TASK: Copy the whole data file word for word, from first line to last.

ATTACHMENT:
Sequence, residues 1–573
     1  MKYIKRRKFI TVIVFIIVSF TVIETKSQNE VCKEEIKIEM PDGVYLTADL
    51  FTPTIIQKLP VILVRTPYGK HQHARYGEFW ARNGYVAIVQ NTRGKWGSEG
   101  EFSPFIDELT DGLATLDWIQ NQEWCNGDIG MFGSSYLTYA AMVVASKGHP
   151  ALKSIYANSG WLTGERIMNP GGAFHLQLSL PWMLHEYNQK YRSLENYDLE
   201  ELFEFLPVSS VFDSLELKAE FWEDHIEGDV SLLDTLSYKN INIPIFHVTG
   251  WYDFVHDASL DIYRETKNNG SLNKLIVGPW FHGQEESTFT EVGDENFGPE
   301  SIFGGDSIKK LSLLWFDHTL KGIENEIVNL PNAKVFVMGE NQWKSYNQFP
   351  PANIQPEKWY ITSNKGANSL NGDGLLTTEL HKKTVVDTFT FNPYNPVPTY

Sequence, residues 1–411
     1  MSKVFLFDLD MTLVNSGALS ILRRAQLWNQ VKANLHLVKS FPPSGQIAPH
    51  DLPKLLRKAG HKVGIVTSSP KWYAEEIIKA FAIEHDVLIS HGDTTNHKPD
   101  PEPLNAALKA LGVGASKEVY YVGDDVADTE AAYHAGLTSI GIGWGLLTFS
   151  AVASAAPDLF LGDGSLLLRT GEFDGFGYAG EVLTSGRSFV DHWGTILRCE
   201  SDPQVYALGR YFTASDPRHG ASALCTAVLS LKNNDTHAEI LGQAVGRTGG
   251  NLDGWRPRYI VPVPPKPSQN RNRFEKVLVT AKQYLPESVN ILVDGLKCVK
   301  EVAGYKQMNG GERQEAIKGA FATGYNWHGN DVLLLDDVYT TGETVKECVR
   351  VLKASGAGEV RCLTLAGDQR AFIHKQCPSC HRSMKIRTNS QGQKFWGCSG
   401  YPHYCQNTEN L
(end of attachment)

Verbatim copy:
Sequence, residues 1–573
     1  MKYIKRRKFI TVIVFIIVSF TVIETKSQNE VCKEEIKIEM PDGVYLTADL
    51  FTPTIIQKLP VILVRTPYGK HQHARYGEFW ARNGYVAIVQ NTRGKWGSEG
   101  EFSPFIDELT DGLATLDWIQ NQEWCNGDIG MFGSSYLTYA AMVVASKGHP
   151  ALKSIYANSG WLTGERIMNP GGAFHLQLSL PWMLHEYNQK YRSLENYDLE
   201  ELFEFLPVSS VFDSLELKAE FWEDHIEGDV SLLDTLSYKN INIPIFHVTG
   251  WYDFVHDASL DIYRETKNNG SLNKLIVGPW FHGQEESTFT EVGDENFGPE
   301  SIFGGDSIKK LSLLWFDHTL KGIENEIVNL PNAKVFVMGE NQWKSYNQFP
   351  PANIQPEKWY ITSNKGANSL NGDGLLTTEL HKKTVVDTFT FNPYNPVPTY

Sequence, residues 1–411
     1  MSKVFLFDLD MTLVNSGALS ILRRAQLWNQ VKANLHLVKS FPPSGQIAPH
    51  DLPKLLRKAG HKVGIVTSSP KWYAEEIIKA FAIEHDVLIS HGDTTNHKPD
   101  PEPLNAALKA LGVGASKEVY YVGDDVADTE AAYHAGLTSI GIGWGLLTFS
   151  AVASAAPDLF LGDGSLLLRT GEFDGFGYAG EVLTSGRSFV DHWGTILRCE
   201  SDPQVYALGR YFTASDPRHG ASALCTAVLS LKNNDTHAEI LGQAVGRTGG
   251  NLDGWRPRYI VPVPPKPSQN RNRFEKVLVT AKQYLPESVN ILVDGLKCVK
   301  EVAGYKQMNG GERQEAIKGA FATGYNWHGN DVLLLDDVYT TGETVKECVR
   351  VLKASGAGEV RCLTLAGDQR AFIHKQCPSC HRSMKIRTNS QGQKFWGCSG
   401  YPHYCQNTEN L